BBC BLOGS - Today: Tom Feilden
« Previous | Main | Next »

The 'golden age' of Arabic science

Tom Feilden | 08:22 UK time, Saturday, 13 November 2010

Arabic astrolabe

A brief thumb-nail sketch of the history of science typically begins in antiquity - with the likes of Pythagoras, Euclid and Plato - before leaping the best part of a thousand years to Kepler, Galileo and the European Renaissance of the 16th century.

What went in between is often dismissed as the Dark Ages - a period in which Europe, and scientific progress, slumbered.

But this, admittedly western, model overlooks the importance of a huge blossoming of science and scholarship in the Islamic world of the middle ages. A period in which the Ummayyad and Abbasid Caliphs created one of the greatest centres of learning the world had ever known - the Bayt al-Hikma, or House of Wisdom.

"Just because Europe was stuck in the Dark Ages," argues Jim Al-Khalili the professor of physics at the University of Surrey and author of Pathfinders: The Golden Age of Arabic Science, "we shouldn't assume that the rest of the world had stagnated. There was this great flourishing of scholarship and discovery in the Islamic world of the middle ages".

Great advances were made across a range of fields between the 9th and 13th centuries, from mathematics and astronomy to medicine and chemistry. The proof lies in the words we still use today: words like algebra, alchemy and alkaline; and in the names of stars like Dubhe, Megrez, Alioth, Mizar and Alkaid - five of the seven stars that make up one of the most familiar constellations in the night sky, the plough, or Ursa Major.

Among the many great thinkers of the period al-Hassan Ibn al-Haytham stands out as the father of the modern scientific method. Long before Francis Bacon and Rene Descartes al-Haytham was scrupulously gathering data and testing his ideas through meticulous observation and experiment.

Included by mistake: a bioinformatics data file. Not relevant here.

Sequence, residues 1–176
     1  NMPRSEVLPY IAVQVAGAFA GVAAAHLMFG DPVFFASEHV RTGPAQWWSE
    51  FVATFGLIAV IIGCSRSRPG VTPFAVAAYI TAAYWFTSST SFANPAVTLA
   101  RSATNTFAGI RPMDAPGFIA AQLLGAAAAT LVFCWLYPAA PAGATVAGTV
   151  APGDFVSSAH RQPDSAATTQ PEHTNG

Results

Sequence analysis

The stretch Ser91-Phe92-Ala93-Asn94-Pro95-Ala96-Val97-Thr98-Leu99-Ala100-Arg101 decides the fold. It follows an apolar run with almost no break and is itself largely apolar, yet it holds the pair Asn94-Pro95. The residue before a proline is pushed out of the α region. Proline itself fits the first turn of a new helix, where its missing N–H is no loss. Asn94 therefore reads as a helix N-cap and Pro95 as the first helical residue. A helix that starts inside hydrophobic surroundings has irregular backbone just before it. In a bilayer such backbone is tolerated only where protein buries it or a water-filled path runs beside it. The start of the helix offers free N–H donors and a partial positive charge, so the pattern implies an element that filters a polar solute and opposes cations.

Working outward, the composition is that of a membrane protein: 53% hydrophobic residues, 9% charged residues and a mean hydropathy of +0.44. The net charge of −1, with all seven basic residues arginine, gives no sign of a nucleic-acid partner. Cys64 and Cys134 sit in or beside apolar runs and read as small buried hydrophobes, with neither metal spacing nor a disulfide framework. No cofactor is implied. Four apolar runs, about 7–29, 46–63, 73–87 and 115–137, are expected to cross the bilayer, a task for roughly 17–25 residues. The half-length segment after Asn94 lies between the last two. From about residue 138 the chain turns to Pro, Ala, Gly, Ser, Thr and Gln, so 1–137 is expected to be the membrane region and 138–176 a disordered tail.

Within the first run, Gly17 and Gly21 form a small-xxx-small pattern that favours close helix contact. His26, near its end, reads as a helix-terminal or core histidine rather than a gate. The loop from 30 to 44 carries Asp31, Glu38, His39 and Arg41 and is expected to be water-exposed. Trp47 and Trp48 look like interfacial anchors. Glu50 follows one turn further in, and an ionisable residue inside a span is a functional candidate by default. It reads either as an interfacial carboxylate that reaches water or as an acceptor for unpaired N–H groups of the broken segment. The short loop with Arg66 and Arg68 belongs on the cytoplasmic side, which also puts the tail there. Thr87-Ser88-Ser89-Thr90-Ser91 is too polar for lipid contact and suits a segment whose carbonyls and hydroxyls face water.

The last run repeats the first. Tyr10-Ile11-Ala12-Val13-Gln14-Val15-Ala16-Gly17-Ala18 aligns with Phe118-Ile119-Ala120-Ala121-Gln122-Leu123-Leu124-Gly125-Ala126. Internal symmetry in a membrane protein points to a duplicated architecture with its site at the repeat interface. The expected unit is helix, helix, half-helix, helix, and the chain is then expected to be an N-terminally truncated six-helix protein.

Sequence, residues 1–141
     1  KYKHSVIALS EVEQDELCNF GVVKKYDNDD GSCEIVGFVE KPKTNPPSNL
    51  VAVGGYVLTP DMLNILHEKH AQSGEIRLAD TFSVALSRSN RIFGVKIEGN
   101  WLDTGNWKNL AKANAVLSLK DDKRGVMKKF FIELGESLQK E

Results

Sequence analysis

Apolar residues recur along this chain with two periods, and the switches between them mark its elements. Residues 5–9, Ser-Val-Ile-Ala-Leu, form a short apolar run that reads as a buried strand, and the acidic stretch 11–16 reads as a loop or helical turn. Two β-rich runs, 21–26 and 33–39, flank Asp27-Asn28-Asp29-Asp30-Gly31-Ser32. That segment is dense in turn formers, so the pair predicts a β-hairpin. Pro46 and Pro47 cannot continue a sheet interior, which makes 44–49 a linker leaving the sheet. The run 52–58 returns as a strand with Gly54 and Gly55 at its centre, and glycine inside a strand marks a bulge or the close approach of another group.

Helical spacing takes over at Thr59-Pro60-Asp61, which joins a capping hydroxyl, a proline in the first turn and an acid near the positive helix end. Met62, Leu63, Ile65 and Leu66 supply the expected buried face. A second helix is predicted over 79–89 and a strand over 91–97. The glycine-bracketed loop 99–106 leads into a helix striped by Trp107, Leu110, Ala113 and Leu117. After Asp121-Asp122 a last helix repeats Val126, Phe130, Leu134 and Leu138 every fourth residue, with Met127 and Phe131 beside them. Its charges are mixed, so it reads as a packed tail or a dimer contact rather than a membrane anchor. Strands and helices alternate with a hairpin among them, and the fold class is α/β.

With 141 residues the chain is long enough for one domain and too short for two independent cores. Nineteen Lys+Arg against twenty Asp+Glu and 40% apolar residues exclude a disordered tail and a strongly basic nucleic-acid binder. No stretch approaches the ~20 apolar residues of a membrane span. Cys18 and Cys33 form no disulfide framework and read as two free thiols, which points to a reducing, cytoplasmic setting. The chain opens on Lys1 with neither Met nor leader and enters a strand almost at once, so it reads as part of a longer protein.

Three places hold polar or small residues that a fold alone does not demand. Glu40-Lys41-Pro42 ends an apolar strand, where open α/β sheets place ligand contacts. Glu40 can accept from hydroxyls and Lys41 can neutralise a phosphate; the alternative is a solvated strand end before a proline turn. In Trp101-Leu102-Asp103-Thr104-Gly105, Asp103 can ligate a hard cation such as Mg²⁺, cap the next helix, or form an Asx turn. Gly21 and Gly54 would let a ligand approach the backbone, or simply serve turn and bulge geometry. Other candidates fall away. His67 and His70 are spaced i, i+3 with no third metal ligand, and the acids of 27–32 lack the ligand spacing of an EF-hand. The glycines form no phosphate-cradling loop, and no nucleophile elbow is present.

According to Jim Al-Khalili, al-Haytham's work on the defraction of light puts him on a par with Galileo and Newton.

"We learn at school that Isaac Newton was the father of optics, using prisms to split light into its constituent colours. But al-Haytham also wrote extensively on light and optics and the Latin translations of his work were hugely influential in the European Renaissance."

Not all Al'Khalili's heroes were Arabs: Persians, Christians and Jews all played their part in this golden age.


One of the greatest mathematicians of the medieval world was al-Khwarizmi, a Persian credited with inventing algebra. Even the word "algebra" comes from the title of his great work, Kitab al-jebr, and the Latin translation of his name, Algorithmus, gives us algorithm.

Ultimately civilisations ebb and flow and the 'baton of enlightenment', as Al-Khalili describes it, ultimately passed to Europe. So much so that today, he says, science is widely regarded with suspicion in the Islamic world: a western, secular, even atheist construct.

But all that may be about to change: In Saudi Arabia a £20 billion pound endowment aims to turn the King Abdullah University of Science and Technology into a powerhouse to rival anything the West has to offer. Qatar is committed to invest 2.8 percent of its GDP on research, and Abu Dhabi is planning to raise the world's first fully sustainable city and innovation hub from the desert sands.

It's a modern, Arabic renaissance, that Jim Al-Khalili hopes will benefit us all.

"Look where the Muslim world was a thousand years ago. It was the centre of the civilised world. There's a long way to go, but the signs are that things are moving impressively rapidly in the right direction".


  • Comment number 1.

    Dear Sir, your unquestioning piece on the renaissance of Arabic science read like an advertisement. it is unsettling to hear something on the TODAY programme that sounds like product placement. Science cannot thrive in a society where even the most basic liberty of thought does not exist. Your lack of analysis and comment are disturbing and have shaken my trust in the BBC.

  • Comment number 2.

    The reference to the sustainable city in Abu Dhabi: search for Masdar City (BBC terms of use forbid me from posting links). Designed by Foster + Partners and now being built, it looks very impressive indeed.

  • Comment number 3.

    Are we moving forwards or backwards?
    Having just read Pathfinders, I find myself asking myself (though I am not always the best source for my own answers): is our world going forwards or backwards.